The best policy is to store larger amounts of water as the heat exchange required to lower to freezing point is greater and so the process will take longer your water will stay wet through all but the longest coldest spells. Again it shouldn’t be too difficult to do some basic maths to calculate the volume of water and the heat used etc. I am no mathematician so can’t help here but any keen physicist at your local university should have the ability to work this out, it is all known physics as water is the basis of a lot of known data for temperature calculation. Hence why zero Celsius is freezing point.
It would probably pay to have a separate tank over the main tank that acts as a filling reservoir so the cold incoming water is separated from the main store until it is heated (superficially) to the ambient temperature in the store. This system is the same as in a Fortic tank used in some central heating systems. If the incoming supply is particularly cold it could be possible to pass it through a heating jacket or an old radiator that would use solar heat to raise the temperature to a suitable level. Again a bit of maths is what you need here.
Anyway, I hope this assists you in thinking your problem through. Good luck, Love & Light, Phil.
Oh and as a bit of data regards volumes of water gathered from rain. I live in Devon England and we have regular winter rainfall and some summer rains . I gather my water from a 81m square roof (9×9) filter it to 0.25mm through a Wisy vertical filter (which i could show you how to make one, I paid over £100 for mine….pah, live & learn).
The water is allowed to settle in a 1500l tank then pumped to 2x1500l tanks using a swimming pool pump run from battery/solar/inverter and controlled by a relay and float level system that my friend made for me ( a NAND gate I think).
I never drop far below a total of 3000 litres and I use a washing machine and flush toilet. I am very conservative with water use and at the moment I have no shower and instead wash from a bucket, but this is only a temporary arrangement. However 2 gallons (10litres) is adequate for a shower and you really don’t need to shower every day unless it is hot and you are dirty. As for dish washing, well those machines are a pointless piece of junk for lazy people seeing as I can wash all my plates, pots and cutlery in three bowls of water in less than half an hour. Hey stop me here I’m ranting……..February 18, 2008 at 12:00 am #63853Nick RosenKeymaster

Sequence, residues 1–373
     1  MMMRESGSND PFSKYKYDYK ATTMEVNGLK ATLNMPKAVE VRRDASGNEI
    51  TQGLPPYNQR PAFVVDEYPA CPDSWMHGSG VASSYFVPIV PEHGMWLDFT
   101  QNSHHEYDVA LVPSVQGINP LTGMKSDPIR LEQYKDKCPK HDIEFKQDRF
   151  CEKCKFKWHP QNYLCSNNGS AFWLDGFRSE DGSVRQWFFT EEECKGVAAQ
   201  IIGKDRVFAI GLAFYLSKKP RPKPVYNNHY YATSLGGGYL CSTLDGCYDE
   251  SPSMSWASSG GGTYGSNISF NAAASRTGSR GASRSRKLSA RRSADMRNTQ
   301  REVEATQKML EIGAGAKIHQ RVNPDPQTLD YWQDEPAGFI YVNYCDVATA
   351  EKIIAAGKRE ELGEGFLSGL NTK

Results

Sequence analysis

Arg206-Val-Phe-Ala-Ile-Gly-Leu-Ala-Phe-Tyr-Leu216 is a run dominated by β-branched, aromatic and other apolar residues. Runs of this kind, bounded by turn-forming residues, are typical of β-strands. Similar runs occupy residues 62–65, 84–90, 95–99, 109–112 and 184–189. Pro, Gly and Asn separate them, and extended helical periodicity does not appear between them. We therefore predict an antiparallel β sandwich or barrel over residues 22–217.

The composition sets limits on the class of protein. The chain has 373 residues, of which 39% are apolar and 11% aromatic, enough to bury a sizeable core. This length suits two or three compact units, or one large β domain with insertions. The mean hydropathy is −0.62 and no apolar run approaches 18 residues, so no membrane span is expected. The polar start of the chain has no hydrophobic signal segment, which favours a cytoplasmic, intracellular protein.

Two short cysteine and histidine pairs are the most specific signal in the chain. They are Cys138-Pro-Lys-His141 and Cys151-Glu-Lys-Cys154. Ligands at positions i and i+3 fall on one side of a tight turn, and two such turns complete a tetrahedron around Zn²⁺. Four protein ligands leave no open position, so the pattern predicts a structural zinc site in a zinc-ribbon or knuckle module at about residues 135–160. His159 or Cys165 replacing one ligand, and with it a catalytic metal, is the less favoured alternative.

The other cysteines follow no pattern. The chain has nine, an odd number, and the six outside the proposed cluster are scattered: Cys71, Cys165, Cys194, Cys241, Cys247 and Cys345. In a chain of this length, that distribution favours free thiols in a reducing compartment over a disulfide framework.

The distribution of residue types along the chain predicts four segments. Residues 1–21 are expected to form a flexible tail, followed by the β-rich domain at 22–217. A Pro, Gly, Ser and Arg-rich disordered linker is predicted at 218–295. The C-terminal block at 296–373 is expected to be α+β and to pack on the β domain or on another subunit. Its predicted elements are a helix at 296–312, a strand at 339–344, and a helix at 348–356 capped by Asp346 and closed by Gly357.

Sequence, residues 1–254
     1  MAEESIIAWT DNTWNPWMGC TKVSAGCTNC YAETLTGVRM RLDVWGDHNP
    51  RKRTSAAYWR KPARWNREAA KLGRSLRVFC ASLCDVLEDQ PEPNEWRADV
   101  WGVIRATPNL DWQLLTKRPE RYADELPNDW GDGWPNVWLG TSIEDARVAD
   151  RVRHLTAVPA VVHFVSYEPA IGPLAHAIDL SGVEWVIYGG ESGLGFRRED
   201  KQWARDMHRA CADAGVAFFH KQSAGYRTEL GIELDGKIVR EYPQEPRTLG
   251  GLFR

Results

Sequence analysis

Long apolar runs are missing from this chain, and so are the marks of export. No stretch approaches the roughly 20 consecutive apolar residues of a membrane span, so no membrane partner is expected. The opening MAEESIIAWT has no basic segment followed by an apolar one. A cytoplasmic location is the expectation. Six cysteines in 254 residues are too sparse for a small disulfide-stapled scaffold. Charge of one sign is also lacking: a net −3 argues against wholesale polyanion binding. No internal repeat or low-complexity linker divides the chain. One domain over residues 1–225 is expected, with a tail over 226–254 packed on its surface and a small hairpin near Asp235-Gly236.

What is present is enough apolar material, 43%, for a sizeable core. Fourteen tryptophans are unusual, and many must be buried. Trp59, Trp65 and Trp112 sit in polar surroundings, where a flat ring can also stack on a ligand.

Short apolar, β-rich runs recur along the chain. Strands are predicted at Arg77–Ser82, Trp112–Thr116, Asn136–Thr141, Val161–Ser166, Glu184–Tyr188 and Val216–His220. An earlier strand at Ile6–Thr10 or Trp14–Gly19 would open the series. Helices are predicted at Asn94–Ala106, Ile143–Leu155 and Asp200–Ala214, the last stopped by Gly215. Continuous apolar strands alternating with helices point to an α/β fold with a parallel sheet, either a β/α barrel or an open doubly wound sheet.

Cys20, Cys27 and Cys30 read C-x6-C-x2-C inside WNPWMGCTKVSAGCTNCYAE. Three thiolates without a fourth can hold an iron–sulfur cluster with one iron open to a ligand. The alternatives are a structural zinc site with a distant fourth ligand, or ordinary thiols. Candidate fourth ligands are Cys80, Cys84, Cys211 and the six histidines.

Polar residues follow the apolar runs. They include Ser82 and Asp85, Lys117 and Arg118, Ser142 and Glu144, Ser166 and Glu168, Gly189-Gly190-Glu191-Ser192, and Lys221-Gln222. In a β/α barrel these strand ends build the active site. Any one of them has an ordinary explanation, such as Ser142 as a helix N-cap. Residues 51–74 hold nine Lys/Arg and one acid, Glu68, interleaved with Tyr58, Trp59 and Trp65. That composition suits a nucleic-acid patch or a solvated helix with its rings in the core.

“my wife and i are buying a house without winter water. what is the best way to store water? our house is in the mountains, stays below freezing in the winter, and the ground is pure rock. thanks for any suggestions!”
I store around 400 gal. inside my living area using several 55 gal. plastic drums. I figure I’m not going to freeze so if the water is in with me, it’s all good…October 14, 2009 at 12:00 am #64342Nick RosenKeymaster
You can use plastic drums, as 12vman wrote in above post, or for water tanks you can browse this website https://www.outbackwatertanks.com.au/
Hope this will help you out.